The Meshech Chochmoh says that it was of utmost importance to mention Yitzchok ahead of Yishmo'eil by Avrohom's burial. Yishmo'eil openly declared that Yitzchok was not even Avrohom's son, but rather Avimelech's. Rashi mentions that Yishmo'eil repented. The need to repent for claiming that Yitzchok was the son of Avimelech was a foremost component in his repentance. This is why the verse says that he took second place at the funeral. This was his public display of admitting that Yitzchok was indeed Avrohom's son.

Ch. 36, v. 1: "V'eileh toldos Eisov" - And these are the generations of Eisov - Why is it necessary to list his descendants? Some commentators say that since there will be a prohibition to attack Edom, by listing the names of the descendants we can (up to a point) know who is an Edomi.

Seichel Tov answers that we read through them and clearly run into a problem understanding the chain of genealogy, as Rashi points out. To answer these issues we come to the conclusion that there was severe sinning, fathers mating with their daughters, etc. thus the lesson imparted is that we should know that Eisov's descendants were illegitimates, "mamzeirim."

Ch. 36, v. 1,8,9: "Eisov hu Edom, Eisov hu Edom, Eisov avi Edom" - Eisov is Edom, Eisov is Edom, Eisov the father of Edom - Which is it? Is he Edom himself or the father of Edom? Rabbeinu Myuchos writes that he himself was called Edom and he was the father of the people who were the nation of Edom.

Ch. 36, v. 4: "Elifoz" - The Rokei'ach (ksav yad) writes that this name is sourced from his serving a golden form of a goat. This is "eili," my god, "poz," is gold.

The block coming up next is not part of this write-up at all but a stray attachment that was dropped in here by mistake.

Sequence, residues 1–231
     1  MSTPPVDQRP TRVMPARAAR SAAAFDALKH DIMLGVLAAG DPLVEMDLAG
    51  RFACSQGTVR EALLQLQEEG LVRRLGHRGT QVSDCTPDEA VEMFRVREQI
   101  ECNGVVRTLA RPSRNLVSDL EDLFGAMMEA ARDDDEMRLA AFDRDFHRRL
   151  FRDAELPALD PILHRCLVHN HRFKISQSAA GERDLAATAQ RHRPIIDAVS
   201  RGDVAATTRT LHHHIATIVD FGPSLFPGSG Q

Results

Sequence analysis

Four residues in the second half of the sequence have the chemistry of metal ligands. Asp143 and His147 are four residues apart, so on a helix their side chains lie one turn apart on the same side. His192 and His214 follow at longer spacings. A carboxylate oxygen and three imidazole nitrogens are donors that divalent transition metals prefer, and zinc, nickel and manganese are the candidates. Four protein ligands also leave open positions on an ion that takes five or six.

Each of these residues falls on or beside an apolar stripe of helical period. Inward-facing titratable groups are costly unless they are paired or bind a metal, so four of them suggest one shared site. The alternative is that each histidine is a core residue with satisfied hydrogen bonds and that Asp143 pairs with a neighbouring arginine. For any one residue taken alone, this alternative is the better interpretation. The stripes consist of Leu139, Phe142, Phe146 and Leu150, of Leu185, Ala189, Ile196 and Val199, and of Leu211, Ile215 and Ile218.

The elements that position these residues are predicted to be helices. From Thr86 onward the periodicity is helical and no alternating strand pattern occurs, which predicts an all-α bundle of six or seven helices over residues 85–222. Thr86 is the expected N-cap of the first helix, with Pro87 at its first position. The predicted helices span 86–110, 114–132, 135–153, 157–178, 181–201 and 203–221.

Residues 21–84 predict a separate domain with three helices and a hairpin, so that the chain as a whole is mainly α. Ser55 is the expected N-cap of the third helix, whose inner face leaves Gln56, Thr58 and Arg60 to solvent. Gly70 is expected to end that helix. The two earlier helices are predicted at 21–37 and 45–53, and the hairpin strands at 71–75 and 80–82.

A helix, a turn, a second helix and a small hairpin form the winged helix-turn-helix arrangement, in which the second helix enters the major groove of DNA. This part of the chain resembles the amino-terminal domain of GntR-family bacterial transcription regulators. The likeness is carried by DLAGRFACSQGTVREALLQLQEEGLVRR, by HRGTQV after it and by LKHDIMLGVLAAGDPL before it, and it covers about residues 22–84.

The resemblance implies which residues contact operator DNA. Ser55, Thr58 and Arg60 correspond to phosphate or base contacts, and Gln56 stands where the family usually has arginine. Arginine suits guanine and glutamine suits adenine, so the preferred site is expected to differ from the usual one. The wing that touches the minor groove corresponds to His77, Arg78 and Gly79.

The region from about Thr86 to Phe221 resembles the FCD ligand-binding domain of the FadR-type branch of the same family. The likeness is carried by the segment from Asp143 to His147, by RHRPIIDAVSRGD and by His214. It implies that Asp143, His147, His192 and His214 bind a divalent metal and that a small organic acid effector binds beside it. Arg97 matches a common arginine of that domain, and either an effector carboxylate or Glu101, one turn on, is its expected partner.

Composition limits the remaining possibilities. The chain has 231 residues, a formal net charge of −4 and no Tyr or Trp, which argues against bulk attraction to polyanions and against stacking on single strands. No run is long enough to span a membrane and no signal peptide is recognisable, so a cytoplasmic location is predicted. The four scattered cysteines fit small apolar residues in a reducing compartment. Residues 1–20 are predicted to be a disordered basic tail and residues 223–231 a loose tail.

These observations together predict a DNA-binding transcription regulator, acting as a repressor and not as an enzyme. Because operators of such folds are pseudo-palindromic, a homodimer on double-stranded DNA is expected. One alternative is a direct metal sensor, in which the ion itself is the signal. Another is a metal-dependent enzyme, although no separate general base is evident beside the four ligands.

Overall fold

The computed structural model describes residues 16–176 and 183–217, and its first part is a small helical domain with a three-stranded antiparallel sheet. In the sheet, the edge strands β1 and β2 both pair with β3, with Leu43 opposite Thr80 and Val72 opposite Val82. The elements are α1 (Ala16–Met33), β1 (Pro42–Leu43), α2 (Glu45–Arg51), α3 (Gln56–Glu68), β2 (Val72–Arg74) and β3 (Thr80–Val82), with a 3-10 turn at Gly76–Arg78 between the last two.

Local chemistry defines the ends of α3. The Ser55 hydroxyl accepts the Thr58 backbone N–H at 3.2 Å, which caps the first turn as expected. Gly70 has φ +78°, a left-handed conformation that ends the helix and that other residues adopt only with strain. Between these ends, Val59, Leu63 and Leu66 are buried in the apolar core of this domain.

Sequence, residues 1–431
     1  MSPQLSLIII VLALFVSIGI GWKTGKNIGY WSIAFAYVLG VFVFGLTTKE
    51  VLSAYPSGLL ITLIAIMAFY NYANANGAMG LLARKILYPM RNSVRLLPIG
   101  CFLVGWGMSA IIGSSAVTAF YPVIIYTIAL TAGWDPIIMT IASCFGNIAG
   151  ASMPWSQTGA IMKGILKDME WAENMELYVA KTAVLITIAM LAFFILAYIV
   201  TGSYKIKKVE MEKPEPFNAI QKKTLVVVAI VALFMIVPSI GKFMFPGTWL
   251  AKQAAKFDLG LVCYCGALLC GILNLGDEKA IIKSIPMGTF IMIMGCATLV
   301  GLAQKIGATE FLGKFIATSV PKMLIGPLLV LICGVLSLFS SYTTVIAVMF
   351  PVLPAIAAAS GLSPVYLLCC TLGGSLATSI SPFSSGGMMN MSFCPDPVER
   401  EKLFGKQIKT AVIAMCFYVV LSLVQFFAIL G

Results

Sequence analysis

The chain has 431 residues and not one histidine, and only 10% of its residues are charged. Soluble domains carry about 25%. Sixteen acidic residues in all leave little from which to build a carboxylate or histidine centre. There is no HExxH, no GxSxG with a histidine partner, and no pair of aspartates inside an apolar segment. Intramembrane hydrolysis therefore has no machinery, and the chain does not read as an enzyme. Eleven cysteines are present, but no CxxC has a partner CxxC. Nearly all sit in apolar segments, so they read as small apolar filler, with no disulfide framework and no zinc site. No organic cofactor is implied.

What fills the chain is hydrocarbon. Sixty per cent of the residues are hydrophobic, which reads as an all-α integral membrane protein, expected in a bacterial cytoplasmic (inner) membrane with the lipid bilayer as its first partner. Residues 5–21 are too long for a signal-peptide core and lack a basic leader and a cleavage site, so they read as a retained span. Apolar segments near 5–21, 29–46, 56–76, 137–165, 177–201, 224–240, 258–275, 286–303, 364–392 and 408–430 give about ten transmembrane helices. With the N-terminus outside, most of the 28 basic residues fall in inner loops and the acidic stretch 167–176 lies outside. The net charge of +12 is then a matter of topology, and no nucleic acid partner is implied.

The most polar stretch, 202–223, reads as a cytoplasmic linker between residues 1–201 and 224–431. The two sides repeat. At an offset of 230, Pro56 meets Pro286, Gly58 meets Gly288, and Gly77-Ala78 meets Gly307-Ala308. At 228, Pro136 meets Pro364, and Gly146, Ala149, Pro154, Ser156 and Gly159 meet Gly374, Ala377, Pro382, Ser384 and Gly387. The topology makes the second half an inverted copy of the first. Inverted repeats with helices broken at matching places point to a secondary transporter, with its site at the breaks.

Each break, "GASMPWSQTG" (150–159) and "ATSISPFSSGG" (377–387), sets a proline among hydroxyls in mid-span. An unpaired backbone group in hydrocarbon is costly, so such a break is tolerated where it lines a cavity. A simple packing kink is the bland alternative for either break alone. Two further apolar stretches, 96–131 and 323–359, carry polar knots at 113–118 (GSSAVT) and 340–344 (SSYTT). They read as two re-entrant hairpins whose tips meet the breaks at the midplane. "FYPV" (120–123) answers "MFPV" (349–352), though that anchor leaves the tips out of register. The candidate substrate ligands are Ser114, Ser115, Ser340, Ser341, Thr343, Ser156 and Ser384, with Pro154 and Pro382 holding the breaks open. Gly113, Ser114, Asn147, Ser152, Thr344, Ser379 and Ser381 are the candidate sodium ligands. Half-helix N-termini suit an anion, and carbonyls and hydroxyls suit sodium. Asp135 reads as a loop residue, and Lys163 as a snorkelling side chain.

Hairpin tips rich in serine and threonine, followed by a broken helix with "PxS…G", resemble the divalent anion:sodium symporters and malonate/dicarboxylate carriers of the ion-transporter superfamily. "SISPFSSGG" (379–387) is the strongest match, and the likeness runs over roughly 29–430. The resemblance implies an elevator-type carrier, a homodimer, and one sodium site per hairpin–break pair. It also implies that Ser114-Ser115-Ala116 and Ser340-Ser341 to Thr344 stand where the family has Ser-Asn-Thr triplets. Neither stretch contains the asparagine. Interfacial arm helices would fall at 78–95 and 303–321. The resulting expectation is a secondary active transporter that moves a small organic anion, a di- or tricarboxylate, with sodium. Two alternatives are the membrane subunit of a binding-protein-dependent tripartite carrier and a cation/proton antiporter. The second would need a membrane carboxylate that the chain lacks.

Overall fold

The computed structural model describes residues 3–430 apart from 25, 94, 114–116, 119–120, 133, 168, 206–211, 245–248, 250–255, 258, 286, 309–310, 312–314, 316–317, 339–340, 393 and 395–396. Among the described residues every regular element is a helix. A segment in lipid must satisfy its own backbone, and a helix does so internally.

Ch. 36, v. 4: "U'Vosmas yoldoh es R'u'eil" - And Bosmas gave birth to R'u'eil - In verses 2 and 3 we see that Eisov first married Oholivomoh and then Bosmas. Why then does our verse mention whom Bosmas gave birth to ahead of Oholivomoh in the next verse? Eisov married Oholivomoh first but Bosmas gave birth first. (Rabbi Avrohom ben hoRambam)

Ch. 36, v. 6: "V'es kol nafshos beiso" - And all the souls of his household - The 70 members of Yaakov's household that descended to Egypt were called "shivim nefesh," in the singular. Eisov's household serves numerous idols, so they were "n'foshos," in the plural form. Yaakov's household served one Deity only, hence "nefesh." (Vayikra Raboh 4:6)

The word "nefesh" also means a liking, as in "Im yeish es naf'sh'chem" by the incident of Avrohom and the bnei Cheis. We can thus say that the household of Eisov was splintered. Each and every member had a different pursuit. One was into sports, another theater, another was addicted to the computer, etc., etc., etc. This splinters and literally destroys the family fabric. Not so with Yaakov's family. Everyone was focused on Torah and mitzvos. (n.l.)

Ch. 36, v. 24: "Hu Anoh asher motzo es ha'yeimim" - He is Anoh who discovered the mules - Rashi explains that Anoh crossbred a horse with a donkey and a mule resulted. Rashi comments in parshas Toldos where everything Yitzchok touched became fabulously successful that people said, "We prefer the dung of Yitzchok's mules to the gold of Avimelech." Since mules had not existed until Anoh crossbred there were no mules.

The gemara Psochim 54 cites Rabbon Shimon ben Gamliel who says that mules only came into existence through Anoh's doing, while Rabbi Yosi says that they were around since the creation of the world. Rabbi Yosi could surely explain "motzo" of our verse to mean that he discovered a group of mules or that he discovered a way of reproducing them. However, Rashi's comment on our verse follows Rabbon Shimon ben Gamliel and his comment earlier is perplexing. Help would be appreciated.



See also Oroh V'Simchoh - Meshech Chochmoh on the Weekly Parsha, Chasidic Insights and Chamisha Mi Yodei'a